Syncope, 95% compliance:
    Line graph of STEMI presentation from syncope symptoms data.
    Weakness, 69% compliance:
    Line graph of STEMI presentation from weakness symptoms data.
    Abdominal Pain, 32% compliance:
    Line graph of STEMI presentation from abdominal pain symptoms data.
    After reviewing the data, you can clearly see that your efforts to detect STEMI among patients with atypical presentations would be best targeted towards improving 12-L EKG placement for patients experiencing weakness or abdominal pain.

4. Refine your project aim.
Looking at your data has provided clear guidance of where to target your limited time and resources to impact something that matters to you, your patients, and your organization; in our example, improved prehospital STEMI recognition. Now, it’s time to get clear about what you hope to accomplish with your project by refining your project aim statement.

  • Example: To make the most of your limited resources, you decide to focus on 12-L EKG for the atypical presentation of abdominal pain first. Your aim is to improve 12-L EKG placement for adult patients (ages 35 or older) with an EMS primary or secondary impression of abdominal pain from 32% to at least 60% within the next 6 months.

Finding the right aim to target for QI in a sea of topics begging for attention can be challenging. But rather than fall victim to the pitfall of trying to boil the ocean, doing everything at once, your data can guide your choice of a specific starting point.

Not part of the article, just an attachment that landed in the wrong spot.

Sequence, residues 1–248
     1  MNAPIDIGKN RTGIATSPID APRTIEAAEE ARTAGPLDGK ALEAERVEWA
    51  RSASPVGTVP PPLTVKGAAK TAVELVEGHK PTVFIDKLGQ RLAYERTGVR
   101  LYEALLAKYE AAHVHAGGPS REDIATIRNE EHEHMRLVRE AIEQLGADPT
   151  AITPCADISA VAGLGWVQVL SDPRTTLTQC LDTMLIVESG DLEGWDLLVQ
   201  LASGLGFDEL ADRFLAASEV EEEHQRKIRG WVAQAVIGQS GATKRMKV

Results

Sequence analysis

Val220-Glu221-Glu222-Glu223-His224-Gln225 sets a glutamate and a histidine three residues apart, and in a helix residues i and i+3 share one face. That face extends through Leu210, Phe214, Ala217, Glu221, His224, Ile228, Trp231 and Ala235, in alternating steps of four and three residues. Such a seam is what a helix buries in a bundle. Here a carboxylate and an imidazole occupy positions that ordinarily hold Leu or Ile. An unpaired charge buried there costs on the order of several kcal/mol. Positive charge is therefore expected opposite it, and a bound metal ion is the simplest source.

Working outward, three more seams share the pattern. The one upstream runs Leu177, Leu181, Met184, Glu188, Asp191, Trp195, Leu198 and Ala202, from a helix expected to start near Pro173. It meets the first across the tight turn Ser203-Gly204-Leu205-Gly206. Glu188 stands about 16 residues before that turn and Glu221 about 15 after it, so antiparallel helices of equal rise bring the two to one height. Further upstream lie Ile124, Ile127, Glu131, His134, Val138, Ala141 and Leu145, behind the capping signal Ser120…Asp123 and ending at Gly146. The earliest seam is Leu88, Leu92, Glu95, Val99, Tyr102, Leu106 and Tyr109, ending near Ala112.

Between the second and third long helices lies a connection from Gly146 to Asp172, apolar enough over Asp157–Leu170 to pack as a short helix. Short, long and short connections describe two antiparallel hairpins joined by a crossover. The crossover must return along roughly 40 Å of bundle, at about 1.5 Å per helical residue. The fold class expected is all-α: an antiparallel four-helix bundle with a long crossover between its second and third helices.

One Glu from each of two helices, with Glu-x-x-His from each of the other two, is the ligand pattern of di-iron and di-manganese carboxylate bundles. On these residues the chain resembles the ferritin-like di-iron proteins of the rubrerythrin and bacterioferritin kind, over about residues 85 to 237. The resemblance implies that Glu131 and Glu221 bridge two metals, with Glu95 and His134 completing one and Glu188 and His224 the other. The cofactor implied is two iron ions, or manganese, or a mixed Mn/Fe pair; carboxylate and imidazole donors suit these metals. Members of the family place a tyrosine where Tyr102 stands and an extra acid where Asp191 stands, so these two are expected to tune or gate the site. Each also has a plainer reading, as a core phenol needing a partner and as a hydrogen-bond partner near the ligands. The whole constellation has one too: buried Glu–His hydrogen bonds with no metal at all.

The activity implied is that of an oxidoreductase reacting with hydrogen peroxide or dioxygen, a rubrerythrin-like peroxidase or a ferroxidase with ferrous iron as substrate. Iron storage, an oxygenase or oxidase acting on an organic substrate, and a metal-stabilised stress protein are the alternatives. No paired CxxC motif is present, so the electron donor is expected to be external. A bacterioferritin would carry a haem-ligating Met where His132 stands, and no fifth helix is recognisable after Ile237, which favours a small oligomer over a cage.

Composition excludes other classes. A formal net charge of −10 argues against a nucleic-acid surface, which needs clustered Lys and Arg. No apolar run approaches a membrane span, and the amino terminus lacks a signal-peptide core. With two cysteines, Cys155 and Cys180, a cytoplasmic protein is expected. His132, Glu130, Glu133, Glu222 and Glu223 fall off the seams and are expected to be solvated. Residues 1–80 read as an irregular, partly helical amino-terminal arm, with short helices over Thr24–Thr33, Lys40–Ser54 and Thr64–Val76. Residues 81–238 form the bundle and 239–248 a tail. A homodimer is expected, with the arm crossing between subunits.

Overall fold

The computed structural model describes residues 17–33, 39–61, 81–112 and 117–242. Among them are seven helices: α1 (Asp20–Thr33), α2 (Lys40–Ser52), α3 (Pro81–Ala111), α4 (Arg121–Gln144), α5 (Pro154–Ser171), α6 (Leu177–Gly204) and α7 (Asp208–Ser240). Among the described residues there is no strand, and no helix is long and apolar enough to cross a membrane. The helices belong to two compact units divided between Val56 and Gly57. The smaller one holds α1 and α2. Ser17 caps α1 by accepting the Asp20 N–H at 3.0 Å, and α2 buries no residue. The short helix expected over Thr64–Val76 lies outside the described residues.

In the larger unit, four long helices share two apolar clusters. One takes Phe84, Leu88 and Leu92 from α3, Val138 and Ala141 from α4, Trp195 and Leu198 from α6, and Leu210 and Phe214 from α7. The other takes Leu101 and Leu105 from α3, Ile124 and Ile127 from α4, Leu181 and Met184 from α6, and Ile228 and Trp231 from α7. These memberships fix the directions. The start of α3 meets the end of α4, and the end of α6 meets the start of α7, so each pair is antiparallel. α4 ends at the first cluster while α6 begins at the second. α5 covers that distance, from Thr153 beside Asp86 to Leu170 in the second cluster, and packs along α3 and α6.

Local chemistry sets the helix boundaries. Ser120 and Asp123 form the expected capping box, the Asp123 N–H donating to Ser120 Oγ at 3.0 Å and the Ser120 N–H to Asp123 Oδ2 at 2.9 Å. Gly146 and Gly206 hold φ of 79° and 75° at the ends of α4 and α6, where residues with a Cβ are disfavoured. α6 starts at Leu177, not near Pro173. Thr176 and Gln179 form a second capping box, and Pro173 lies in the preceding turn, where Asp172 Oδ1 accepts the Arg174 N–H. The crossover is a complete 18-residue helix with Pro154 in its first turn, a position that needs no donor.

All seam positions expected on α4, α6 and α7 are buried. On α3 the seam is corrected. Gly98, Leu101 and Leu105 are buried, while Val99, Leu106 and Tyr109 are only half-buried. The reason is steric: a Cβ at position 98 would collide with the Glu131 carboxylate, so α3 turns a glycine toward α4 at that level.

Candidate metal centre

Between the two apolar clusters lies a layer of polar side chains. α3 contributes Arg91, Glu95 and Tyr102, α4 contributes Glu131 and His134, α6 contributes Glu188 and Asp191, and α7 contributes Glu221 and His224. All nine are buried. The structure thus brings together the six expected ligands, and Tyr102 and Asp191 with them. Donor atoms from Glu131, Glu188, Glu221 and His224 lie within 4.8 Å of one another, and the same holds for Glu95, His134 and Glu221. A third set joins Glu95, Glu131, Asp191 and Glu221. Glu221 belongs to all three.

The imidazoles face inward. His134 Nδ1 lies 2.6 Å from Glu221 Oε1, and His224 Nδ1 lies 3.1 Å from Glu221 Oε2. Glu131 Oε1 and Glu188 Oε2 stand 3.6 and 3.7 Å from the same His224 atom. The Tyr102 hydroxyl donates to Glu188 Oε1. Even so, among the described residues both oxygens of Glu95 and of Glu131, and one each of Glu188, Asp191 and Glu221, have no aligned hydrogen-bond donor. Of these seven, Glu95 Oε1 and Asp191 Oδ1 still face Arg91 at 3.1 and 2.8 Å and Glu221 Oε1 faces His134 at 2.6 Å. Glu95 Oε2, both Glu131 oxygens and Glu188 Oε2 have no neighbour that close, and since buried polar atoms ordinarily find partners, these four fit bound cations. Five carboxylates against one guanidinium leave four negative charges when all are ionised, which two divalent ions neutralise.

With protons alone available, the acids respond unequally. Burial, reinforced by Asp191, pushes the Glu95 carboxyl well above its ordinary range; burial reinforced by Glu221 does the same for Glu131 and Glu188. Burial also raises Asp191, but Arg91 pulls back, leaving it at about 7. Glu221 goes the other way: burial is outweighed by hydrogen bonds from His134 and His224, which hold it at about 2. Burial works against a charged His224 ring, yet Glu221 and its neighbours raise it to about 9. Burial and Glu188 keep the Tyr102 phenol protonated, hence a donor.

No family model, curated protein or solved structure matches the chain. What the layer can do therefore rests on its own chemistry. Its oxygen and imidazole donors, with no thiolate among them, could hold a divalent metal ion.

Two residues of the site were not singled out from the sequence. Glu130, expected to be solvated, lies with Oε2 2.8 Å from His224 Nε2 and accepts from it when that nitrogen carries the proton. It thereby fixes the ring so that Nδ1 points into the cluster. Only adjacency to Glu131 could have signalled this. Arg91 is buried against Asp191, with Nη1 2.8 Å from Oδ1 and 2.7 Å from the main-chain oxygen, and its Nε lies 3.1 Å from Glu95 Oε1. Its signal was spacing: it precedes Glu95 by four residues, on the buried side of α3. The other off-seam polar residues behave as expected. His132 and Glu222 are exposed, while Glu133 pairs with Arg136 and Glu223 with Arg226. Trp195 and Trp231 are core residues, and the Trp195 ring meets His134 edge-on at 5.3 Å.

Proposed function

Don’t be discouraged if the area you originally set out to improve doesn’t show great promise after looking into your numbers. Examining data and refining your aim multiple times is a normal part of quality improvement. QI projects rarely follow a straight-line path, and in fact, the most successful QI projects involve small, rapid cycles that result in learning, making tweaks, and moving forward again.

By making the most of your data, you can better focus your efforts and help ensure an outcome that is sure to make a difference for your team and your patients.

To learn more about how a well-defined aim statement keeps your QI project from spinning its wheels, read the article, Take Aim to Create Meaningful Process Improvement. And to learn how ESO software can make your data more accessible, check out ESO Electronic Health Record, the next generation of ePCR.